Review: Seeing an old wizard as a young man is just one of Merlin's many charms

The story of Arthur, the wizard Merlin and the kingdom of Camelot has been around for centuries, and most of us know it. In its various versions, Merlin is always a wise old man with a pointy hat, a long white beard and powerful magic who mentors Arthur in one way or another. However, the British series Merlin takes the basic legend and spins it on its head, offering an inventive new look at the legend.

The series, which makes its American premiere on NBC on Sunday, June 21, at 8 p.m. ET/PT, follows the journey of Merlin as a young man who is naturally gifted with magic but untrained. Young Merlin (Colin Morgan) arrives in Camelot after his mother arranges for him to stay with court physician Gaius (Richard Wilson). No sooner does Merlin get to Camelot than he learns that magic has been banned by King Uther (Anthony Head) under the penalty of death.

It also doesn't take long for him to clash with Prince Arthur (Bradley James) or for Merlin to learn about a secret King Uthur has hidden in the depths of the castle. Before Merlin knows it, he learns he has a destiny, and it's a destiny that will tie him to Arthur, the once and future king, in powerful ways.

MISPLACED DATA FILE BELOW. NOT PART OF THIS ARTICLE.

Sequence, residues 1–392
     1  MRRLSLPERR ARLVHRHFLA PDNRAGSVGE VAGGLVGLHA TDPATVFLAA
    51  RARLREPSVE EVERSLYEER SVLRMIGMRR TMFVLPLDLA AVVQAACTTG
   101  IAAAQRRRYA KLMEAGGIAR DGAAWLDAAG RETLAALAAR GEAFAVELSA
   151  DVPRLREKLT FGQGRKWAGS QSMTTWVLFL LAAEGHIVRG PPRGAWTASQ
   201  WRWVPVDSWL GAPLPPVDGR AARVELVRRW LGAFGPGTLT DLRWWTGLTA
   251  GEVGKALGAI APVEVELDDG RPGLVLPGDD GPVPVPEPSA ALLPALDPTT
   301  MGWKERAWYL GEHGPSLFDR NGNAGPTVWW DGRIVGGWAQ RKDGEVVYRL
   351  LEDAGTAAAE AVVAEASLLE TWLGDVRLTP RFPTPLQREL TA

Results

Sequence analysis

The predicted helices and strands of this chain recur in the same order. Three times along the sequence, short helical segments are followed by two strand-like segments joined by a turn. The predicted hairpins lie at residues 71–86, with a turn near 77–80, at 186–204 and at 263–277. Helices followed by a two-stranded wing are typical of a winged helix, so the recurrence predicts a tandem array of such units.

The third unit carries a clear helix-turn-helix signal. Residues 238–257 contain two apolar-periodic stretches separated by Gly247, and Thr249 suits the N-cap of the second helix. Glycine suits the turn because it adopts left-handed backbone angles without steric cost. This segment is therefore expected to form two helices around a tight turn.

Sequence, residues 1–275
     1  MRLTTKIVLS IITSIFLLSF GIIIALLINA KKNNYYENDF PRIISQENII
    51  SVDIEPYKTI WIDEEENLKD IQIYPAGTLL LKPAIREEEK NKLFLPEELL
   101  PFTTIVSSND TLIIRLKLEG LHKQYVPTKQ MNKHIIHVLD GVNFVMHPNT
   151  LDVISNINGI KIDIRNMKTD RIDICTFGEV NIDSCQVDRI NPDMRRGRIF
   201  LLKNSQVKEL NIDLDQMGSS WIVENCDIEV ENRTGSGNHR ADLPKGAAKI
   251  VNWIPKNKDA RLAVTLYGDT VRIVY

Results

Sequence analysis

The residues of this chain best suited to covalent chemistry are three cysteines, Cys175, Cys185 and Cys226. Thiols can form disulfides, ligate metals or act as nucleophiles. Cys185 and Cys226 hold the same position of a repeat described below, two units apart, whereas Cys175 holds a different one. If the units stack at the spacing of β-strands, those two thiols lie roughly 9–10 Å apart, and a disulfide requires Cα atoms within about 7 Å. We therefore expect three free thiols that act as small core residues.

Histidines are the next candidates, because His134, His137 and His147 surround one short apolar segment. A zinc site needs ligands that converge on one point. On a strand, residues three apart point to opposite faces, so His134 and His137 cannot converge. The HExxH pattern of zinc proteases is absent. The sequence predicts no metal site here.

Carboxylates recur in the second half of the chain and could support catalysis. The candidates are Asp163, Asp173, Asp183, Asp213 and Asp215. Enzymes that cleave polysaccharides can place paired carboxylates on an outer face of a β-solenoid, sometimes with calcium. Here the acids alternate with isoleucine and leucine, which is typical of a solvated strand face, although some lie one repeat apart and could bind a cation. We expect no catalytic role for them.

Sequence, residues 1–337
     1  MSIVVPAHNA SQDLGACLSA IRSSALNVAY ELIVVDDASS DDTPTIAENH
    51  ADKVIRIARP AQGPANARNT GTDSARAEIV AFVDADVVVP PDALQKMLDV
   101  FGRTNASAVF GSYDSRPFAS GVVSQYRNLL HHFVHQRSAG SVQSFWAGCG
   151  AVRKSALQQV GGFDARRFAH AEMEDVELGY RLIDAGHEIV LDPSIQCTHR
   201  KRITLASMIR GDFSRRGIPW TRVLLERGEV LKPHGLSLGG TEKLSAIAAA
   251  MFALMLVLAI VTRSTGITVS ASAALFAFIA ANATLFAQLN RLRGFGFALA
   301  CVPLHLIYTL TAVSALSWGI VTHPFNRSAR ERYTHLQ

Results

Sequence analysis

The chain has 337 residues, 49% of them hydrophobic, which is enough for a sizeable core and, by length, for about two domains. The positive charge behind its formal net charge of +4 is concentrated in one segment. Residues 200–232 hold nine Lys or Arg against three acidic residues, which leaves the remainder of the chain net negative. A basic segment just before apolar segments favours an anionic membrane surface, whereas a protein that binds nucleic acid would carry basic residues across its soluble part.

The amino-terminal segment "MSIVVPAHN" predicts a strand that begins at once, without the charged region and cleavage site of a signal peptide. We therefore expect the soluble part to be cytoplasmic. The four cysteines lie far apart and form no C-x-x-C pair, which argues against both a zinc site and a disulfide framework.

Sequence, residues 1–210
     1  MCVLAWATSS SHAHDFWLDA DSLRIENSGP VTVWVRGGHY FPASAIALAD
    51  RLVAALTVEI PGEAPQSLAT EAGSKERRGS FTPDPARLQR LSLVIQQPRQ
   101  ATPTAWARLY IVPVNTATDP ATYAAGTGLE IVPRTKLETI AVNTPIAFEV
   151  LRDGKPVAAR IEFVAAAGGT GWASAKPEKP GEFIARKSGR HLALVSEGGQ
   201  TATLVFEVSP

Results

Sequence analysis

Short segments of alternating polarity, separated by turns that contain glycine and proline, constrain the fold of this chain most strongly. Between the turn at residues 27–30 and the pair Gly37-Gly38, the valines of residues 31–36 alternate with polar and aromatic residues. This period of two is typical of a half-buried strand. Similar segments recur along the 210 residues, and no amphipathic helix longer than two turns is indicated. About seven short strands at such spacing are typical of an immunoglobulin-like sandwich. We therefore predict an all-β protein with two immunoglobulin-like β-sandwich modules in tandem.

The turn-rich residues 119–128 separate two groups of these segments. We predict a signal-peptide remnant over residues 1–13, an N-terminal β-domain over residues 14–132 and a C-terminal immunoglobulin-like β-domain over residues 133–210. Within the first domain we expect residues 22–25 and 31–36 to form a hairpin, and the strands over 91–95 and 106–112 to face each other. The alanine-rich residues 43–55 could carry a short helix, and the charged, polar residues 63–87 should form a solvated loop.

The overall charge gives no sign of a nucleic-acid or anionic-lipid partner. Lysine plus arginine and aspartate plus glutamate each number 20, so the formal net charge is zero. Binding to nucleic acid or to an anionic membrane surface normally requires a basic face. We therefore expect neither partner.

Merlin may not be the legend we all grew up with, but who cares? This BBC production takes what it wants from Arthurian legend and shakes it up to suit its purpose, creating a magical tale that explores how Merlin might have turned into the wise old wizard and what might have happened if he and Arthur had met as young men.

The pilot, "The Dragon's Call," offers an excellent introduction to the characters and gives the delightful Colin Morgan the opportunity to shine as Merlin. If he's not Merlin as a young man, he should be. As for Bradley James as young Prince Arthur, his character is given depth in the second episode, "Valiant." The episodes also give us a taste of other Arthurian characters, including King Uthur, Morgana (Katie McGrath) and Guinevere (Angel Coulby).

While Colin is clearly the star of the show, he shares that credit with one other character ... the castle. Filmed in a real castle in France, the set gives the series the weight and richness it needs to make it feel as though it just might be Camelot. Add to that an incredible special-effects dragon and we have a whole new Arthurian legend to explore.

The first two scripts are well written and original as they plot out how to have Merlin save the day without it looking like he's using his magic. It's an entertaining mix of humor, cleverness and action that makes Merlin a rousing new option on Sunday nights.

One other note ... thank you, NBC, for taking on shows from other countries. The summer is the perfect place to test out this little experiment with Canada's The Listener and now with Britain's Merlin. Whether it works or not, it's nice to get the same opportunity that other viewers in other countries get.

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